M. Smith | Galena
“Everyone should get a flu shot, because of the illnesses that you can get from the flu,” said Pharmacist Steven Mayberry.
Mayberry said that the best time to get your flu shot is during September or October. The Centers for Disease Control, CDC, the peak time for the flu season in February.
He stated that it takes between two and four weeks for the shot to protect you from the flu.
The majority of insurances pay for the flu shot, even if you get it in the pharmacy. If you have Medicare or Medicaid it is free.
According to the CDC, influenza is a serious disease that can lead to hospitalization and sometimes even death. Every flu season is different and the influenza infection can affect people differently. “Flu season” in the United States can begin as early as October and last as late as May.
There are several different flu vaccine options for the 2015-2016 flu season. Traditional flu vaccines are made to protect against three different viruses (called “trivalent” vaccines) and in addition, flu vaccines made to protect against four different flu viruses (called “quadrivalent” vaccines) also are available.
Trivalent flu vaccine protects against two influenza A viruses (an H1N1 and an H3N2) and an influenza B virus. The following trivalent flu vaccines are available:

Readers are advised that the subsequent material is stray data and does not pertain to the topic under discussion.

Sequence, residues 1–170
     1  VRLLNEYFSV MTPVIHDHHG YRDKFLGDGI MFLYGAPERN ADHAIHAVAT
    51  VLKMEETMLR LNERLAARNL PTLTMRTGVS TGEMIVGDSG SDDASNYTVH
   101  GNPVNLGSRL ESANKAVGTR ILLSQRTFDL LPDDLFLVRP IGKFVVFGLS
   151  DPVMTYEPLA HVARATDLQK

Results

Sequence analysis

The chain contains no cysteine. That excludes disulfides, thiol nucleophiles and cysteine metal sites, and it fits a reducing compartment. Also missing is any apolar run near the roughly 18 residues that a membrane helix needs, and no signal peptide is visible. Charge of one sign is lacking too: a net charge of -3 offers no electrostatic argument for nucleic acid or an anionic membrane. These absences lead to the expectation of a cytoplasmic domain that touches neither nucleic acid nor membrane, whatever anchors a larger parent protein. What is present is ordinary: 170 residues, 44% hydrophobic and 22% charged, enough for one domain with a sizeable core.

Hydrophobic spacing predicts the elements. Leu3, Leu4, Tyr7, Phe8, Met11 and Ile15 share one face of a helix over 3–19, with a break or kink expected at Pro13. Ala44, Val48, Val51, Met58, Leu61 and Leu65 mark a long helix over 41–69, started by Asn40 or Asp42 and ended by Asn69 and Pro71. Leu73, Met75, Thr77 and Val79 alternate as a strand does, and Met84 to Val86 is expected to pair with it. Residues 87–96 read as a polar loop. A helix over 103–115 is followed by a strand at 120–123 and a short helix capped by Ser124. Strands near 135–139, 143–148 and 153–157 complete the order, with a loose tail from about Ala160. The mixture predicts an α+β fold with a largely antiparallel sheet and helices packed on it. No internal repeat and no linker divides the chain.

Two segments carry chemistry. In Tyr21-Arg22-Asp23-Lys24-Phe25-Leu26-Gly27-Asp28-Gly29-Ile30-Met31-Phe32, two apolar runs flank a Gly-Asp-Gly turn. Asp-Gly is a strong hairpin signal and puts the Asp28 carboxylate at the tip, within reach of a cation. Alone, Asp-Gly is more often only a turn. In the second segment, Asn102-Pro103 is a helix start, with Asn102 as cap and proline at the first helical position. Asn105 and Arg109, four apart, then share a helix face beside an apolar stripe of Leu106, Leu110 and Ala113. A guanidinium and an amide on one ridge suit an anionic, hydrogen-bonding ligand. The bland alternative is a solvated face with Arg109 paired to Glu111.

Standard-dose trivalent shots that are manufactured using virus grown in eggs. There are several different flu shots of this type available, and they are approved for people of different ages. Some are approved for use in people as young as 6 months of age. Most flu shots are given with a needle. One standard dose trivalent shot also can be given with a jet injector, for persons aged 18 through 64 years.
A high-dose trivalent shot, approved for people 65 and older.
A trivalent shot containing virus grown in cell culture, which is approved for people 18 and older.
A recombinant trivalent shot that is egg-free, approved for people 18 years and older.
The quadrivalent flu vaccine protects against two influenza A viruses and two influenza B viruses. The following quadrivalent flu vaccines are available:
A quadrivalent flu shot that is manufactured using virus grown in eggs. There are several different flu shots of this type available, and they are approved for people of different ages.
An intradermal quadrivalent shot, which is injected into the skin instead of the muscle and uses a much smaller needle than the regular flu shot. It is approved for people 18 through 64 years of age.